Genetic variations may modify cardiovascular benefit of aspirin
A new study suggests that a common genetic variation in the COMT gene may modify the cardiovascular benefit of aspirin, and in some people, may confer slight harm.

Using a novel scaffold to repair spinal cord injury
Dr. Ning Yuan, Beijing Jishuitan Hospital, China and his colleagues, developed a novel neural stem cell scaffold that has two layers: the inner loose layer and the outer compact layer.

Researchers characterize neurologic response associated with placebo effect
A new study in the Journal of Clinical Investigation identifies a neurological network that may predict which Parkinson's disease patients are likely to have a favorable response to sham surgery.

Revealed: The mystery behind starling flocks
The mystery behind the movements of flocking starlings could be explained by the areas of light and dark created as they fly, new research suggests.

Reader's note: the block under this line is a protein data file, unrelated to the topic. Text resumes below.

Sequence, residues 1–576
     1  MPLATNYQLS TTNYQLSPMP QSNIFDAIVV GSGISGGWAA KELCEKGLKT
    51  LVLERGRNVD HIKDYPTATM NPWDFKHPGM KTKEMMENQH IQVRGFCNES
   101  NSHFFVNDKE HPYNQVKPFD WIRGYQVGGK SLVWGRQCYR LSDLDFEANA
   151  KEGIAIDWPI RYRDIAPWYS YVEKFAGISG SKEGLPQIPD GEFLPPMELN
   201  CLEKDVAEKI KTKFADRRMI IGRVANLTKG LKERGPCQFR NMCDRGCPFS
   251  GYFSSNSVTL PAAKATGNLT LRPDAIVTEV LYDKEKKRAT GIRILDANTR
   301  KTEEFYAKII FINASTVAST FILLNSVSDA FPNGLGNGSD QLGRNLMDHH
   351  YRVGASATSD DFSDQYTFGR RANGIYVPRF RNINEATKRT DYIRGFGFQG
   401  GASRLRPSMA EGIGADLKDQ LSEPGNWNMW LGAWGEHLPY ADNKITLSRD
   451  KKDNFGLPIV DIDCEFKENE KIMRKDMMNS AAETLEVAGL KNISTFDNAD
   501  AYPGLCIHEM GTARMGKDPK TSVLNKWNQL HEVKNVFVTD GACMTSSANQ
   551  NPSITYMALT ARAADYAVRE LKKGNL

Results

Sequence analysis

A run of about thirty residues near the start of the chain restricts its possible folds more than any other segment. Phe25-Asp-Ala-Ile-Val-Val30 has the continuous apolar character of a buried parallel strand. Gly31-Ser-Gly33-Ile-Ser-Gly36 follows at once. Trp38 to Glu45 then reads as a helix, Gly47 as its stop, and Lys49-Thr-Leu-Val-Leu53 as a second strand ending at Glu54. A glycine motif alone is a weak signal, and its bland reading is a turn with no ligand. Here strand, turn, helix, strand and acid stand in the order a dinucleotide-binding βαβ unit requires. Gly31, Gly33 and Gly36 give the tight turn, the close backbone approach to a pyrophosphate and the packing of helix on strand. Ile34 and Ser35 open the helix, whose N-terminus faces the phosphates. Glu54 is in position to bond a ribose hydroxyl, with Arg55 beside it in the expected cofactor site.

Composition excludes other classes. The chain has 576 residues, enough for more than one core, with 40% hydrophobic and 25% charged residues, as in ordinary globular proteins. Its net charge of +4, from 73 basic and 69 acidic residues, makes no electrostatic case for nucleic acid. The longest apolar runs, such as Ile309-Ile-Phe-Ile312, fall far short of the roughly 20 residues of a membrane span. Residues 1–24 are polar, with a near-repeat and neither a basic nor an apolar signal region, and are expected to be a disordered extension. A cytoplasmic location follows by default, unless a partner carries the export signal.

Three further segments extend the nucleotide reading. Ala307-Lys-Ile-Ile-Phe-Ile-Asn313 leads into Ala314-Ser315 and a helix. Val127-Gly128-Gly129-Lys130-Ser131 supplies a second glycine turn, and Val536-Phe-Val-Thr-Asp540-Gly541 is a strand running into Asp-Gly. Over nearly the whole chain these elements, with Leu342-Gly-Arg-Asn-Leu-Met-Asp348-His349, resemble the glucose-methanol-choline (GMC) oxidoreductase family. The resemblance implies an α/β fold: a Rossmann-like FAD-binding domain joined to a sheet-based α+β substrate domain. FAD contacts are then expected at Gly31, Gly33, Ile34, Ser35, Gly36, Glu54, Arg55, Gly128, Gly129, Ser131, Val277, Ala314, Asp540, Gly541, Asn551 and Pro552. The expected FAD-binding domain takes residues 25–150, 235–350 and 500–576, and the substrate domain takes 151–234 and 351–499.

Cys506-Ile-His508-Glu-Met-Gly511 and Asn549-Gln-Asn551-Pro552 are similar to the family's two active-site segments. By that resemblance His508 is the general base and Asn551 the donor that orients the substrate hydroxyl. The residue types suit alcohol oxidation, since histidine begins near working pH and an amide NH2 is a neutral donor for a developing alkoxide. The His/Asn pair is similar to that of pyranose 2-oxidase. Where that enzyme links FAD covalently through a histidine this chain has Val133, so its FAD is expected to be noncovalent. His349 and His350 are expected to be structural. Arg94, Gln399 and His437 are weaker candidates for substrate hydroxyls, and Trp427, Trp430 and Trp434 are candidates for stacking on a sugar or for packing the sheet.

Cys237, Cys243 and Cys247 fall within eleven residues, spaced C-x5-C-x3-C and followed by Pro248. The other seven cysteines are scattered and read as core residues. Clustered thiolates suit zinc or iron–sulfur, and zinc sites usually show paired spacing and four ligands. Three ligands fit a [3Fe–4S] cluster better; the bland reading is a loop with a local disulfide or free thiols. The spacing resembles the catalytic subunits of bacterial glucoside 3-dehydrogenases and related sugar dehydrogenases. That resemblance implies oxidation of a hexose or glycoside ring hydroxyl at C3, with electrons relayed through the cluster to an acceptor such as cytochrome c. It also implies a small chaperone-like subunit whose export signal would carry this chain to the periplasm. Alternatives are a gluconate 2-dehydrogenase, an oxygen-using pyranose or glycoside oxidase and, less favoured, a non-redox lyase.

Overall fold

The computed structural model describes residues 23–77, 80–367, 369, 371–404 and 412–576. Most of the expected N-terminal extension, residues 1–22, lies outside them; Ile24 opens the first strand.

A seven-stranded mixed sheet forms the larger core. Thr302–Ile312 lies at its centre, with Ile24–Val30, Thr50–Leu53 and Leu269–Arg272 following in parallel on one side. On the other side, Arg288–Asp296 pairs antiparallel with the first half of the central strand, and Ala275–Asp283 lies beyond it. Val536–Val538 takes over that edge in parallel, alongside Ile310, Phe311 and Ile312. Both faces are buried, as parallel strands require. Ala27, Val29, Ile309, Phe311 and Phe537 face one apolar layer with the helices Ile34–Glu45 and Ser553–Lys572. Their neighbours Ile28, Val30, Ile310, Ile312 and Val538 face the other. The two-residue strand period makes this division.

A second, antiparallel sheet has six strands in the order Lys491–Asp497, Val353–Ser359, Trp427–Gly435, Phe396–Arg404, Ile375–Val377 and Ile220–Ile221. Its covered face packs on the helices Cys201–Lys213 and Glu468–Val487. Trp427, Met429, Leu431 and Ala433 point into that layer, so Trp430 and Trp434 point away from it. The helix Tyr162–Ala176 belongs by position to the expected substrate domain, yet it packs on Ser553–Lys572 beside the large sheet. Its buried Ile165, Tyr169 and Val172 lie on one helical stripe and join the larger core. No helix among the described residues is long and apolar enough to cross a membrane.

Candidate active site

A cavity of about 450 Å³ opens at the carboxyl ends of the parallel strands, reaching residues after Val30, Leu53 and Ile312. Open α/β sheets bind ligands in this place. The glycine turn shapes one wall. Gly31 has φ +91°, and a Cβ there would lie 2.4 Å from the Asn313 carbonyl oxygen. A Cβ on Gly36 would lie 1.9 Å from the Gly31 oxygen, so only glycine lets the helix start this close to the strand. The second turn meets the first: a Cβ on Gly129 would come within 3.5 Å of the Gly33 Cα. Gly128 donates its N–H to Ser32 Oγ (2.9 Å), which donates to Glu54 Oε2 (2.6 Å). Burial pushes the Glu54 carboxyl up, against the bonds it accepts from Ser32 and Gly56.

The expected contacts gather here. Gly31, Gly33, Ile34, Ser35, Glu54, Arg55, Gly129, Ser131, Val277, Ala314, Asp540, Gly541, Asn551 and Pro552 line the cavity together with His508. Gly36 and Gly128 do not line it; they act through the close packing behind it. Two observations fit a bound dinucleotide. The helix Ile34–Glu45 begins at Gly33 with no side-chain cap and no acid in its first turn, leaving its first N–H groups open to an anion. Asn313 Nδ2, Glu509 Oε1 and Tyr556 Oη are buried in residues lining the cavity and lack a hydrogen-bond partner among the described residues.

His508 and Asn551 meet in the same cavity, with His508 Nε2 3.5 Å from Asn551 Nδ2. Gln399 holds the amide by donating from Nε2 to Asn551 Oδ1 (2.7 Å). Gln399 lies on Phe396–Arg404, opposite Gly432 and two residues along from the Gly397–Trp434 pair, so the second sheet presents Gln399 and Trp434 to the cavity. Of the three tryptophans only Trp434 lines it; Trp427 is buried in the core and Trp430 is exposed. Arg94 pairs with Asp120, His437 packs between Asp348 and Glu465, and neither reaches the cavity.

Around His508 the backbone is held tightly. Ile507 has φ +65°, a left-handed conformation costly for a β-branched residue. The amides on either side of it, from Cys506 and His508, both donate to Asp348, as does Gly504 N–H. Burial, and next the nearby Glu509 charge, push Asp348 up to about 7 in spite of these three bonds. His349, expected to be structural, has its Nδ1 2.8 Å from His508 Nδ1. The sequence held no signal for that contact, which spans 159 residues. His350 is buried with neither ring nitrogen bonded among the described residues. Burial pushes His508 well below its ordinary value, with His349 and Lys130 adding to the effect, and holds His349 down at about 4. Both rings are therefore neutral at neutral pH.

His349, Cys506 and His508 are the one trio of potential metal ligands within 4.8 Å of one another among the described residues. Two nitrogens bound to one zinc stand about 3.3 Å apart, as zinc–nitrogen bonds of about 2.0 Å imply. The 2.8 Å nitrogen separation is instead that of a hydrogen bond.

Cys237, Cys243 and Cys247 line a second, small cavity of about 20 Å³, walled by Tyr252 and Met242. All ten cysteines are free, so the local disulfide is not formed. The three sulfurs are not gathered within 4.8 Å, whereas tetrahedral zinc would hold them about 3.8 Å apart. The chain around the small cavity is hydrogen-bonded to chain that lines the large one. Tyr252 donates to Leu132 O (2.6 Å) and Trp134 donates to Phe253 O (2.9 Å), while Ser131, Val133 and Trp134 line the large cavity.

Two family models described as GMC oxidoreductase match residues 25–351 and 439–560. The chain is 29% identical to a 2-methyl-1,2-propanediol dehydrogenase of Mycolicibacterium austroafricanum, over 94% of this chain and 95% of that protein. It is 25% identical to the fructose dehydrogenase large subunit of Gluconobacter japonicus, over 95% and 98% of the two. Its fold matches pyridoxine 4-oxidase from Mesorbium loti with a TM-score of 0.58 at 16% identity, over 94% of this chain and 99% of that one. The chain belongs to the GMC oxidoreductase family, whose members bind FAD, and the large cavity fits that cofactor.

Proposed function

Tea Party support linked to educational segregation, new study shows
University of Notre Dame political sociologist Rory McVeigh, whose study, 'Educational Segregation, Tea Party Organizations, and Battles over Distributive Justice,' was recently published in the American Sociological Review, says 'The political polarization that we witness today is linked to the way in which Americans live in segregated worlds.'

The bend in the Appalachian mountain chain is finally explained
The 1500 mile Appalachian mountain chain runs along a nearly straight line from Alabama to Newfoundland -- except for a curious bend in Pennsylvania and New York State.